Site A uses both Mandatory and Preferred negotiation modes. When Site A communicates with Site B, which only supports classical cryptography, Site A falls back to classical negotiation. When Site A communicates with Site C, Site A uses a PQ PPK because Site C supports using PQ PPKs.

New Platform Support for Web Proxy

November 2023
  • Introduced in PAN-OS 11.1.0
The web proxy feature is now supported on the PA-5400 series, which includes the PA-5410, PA-5420, PA-5430 PA-5440 and PA-5445 platforms.

Throughput Enhancements for Web Proxy

November 2023
  • Introduced in PAN-OS 11.1.0
The throughput for both the explicit and transparent components of the web proxy has been significantly improved, resulting in better performance at scale.

Authentication Exemptions for Explicit Proxy

November 2023
  • Introduced in PAN-OS 11.1.0
If you use the explicit proxy configuration for your web proxy, you can now
configure exemptions
for traffic from specific sources, destinations, or both. IoT devices, such as printers, cannot respond to an authentication request from the proxy or support a certificate or PAC file for authentication. You can configure up to three authentication exemptions for devices using the explicit proxy.

Exclude All Explicit Proxy Traffic from Authentication

November 2023
  • Introduced in PAN-OS 11.1.0
If you do not require authentication for your explicit proxy traffic, you can
exclude all explicit proxy traffic
from authentication. If you enable this option, the firewall or Panorama does not authenticate any explicit proxy traffic and does not create any logs for authentication events.

5G Cellular Interface for IPv4

November 2023
  • Introduced in PAN-OS 11.1.0
If you have a PA-415-5G firewall, you can now configure a 5G interface for IPv4 cellular traffic. The PA-415-5G is similar to the PA-415 except that it contains an integrated 5G module to support 4G/5G capability and configuration of an interface for IPv4 cellular traffic.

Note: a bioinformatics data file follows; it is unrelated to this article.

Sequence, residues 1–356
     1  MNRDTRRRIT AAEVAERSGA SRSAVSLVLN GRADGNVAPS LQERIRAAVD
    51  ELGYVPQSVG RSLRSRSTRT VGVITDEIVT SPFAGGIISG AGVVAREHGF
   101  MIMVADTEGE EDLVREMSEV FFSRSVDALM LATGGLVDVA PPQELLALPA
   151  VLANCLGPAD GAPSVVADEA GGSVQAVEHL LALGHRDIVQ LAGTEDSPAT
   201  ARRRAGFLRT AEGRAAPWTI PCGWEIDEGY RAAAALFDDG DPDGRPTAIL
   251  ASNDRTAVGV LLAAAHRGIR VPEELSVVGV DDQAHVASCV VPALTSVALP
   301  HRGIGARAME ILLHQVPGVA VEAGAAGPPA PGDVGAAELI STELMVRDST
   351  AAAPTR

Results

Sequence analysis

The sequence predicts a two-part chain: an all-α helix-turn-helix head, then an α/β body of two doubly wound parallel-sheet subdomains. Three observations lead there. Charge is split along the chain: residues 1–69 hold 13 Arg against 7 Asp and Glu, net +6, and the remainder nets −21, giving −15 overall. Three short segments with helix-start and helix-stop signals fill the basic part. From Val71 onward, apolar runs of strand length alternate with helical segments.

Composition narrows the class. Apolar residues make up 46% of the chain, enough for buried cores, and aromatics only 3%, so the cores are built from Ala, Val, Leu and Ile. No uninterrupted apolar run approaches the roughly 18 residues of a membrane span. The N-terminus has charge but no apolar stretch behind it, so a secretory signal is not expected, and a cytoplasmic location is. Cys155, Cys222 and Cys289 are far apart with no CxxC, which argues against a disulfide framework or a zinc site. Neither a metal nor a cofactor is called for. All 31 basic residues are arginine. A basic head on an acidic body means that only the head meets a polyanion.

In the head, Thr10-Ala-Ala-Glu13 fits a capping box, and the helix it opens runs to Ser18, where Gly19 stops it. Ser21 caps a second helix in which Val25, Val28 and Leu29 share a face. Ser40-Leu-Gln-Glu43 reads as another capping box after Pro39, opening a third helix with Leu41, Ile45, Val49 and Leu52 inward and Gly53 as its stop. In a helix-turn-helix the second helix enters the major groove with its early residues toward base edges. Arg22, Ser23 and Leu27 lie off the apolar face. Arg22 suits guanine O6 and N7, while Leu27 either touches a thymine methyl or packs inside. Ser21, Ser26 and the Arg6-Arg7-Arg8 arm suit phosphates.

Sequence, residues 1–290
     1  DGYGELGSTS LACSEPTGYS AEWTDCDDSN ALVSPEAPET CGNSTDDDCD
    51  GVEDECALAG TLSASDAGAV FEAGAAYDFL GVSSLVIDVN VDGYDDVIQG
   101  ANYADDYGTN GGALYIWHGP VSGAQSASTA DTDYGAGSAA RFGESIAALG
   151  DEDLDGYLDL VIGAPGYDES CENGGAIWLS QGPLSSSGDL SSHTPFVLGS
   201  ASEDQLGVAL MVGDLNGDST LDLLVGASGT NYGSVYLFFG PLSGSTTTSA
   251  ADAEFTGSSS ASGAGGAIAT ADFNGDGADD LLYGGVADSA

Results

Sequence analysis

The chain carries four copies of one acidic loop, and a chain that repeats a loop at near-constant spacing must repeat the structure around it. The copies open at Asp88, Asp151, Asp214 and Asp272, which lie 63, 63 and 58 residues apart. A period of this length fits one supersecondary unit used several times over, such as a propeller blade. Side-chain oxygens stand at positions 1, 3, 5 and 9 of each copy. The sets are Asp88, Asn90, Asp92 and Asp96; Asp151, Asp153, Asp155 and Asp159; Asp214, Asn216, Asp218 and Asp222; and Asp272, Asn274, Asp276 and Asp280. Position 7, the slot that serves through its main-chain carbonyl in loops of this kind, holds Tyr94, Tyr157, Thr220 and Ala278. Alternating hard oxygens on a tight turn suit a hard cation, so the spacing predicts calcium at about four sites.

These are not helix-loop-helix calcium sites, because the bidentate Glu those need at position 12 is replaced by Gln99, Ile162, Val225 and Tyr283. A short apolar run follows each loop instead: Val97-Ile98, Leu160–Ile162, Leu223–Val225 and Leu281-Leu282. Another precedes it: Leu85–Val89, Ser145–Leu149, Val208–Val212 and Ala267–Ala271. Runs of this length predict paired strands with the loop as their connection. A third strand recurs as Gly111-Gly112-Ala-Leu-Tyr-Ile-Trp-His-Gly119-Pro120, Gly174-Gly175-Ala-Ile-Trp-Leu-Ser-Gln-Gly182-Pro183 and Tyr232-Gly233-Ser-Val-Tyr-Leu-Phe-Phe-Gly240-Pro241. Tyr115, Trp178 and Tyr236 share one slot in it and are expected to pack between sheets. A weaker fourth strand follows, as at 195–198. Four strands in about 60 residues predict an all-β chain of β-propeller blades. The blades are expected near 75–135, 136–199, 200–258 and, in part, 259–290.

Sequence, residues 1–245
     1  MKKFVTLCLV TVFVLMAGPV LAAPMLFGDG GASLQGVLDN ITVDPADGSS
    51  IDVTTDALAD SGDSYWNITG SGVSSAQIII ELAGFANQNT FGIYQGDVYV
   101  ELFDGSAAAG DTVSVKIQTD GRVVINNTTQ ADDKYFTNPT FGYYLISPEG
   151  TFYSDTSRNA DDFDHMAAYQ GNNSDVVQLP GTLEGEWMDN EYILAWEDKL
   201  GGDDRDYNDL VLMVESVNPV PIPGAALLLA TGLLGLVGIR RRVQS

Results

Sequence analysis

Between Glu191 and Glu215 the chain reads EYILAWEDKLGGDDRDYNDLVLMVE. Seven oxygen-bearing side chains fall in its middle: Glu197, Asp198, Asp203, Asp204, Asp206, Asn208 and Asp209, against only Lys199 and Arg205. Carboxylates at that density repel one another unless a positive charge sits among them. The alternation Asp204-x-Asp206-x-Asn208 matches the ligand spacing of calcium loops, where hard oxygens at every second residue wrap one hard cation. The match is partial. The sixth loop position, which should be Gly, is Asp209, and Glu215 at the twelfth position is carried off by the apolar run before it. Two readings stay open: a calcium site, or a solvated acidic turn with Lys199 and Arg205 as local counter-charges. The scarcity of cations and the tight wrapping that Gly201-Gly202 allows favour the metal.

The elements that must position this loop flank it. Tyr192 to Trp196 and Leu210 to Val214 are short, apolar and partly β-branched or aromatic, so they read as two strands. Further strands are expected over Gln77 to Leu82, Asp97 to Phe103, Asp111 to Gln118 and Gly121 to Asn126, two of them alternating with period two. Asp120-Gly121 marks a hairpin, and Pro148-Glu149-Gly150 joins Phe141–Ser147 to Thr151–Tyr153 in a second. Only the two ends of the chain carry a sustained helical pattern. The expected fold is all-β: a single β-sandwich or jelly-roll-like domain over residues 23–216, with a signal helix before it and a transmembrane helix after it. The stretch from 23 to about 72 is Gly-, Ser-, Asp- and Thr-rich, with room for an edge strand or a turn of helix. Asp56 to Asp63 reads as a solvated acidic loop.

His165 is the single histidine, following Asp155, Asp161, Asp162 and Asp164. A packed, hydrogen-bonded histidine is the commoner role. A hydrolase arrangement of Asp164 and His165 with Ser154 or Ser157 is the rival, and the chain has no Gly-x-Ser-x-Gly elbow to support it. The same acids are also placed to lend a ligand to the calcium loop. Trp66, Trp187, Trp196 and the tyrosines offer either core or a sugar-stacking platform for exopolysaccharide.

The 5G cellular interface enables configuration of a primary internet connection as well as configuration of a secondary connection for redundancy in case the primary connection is not available. This type of interface supports data connectivity over the 5G mobile network; if the 5G network is unavailable, the firewall automatically switches to a 4G or 3G network, depending on availability.
To enable the 5G cellular interface, configure an Access Point Name (APN) profile. The APN profile specifies which network or networks the device can access and whether the device receives a dynamic or static IP address.
You can configure a primary and secondary SIM card if it is available. If you have a secondary SIM card, you can configure the firewall to switch from one SIM card to another if one SIM card becomes unavailable. For security, enable a PIN code for the SIM card to prevent misuse. If you cannot remember the PIN code, you must obtain a Personal Unblock Key (PUK) for the SIM card to unlock it for use.
For monitoring purposes, you can enable the Dashboard widgets to view more information about the status of the 5G network.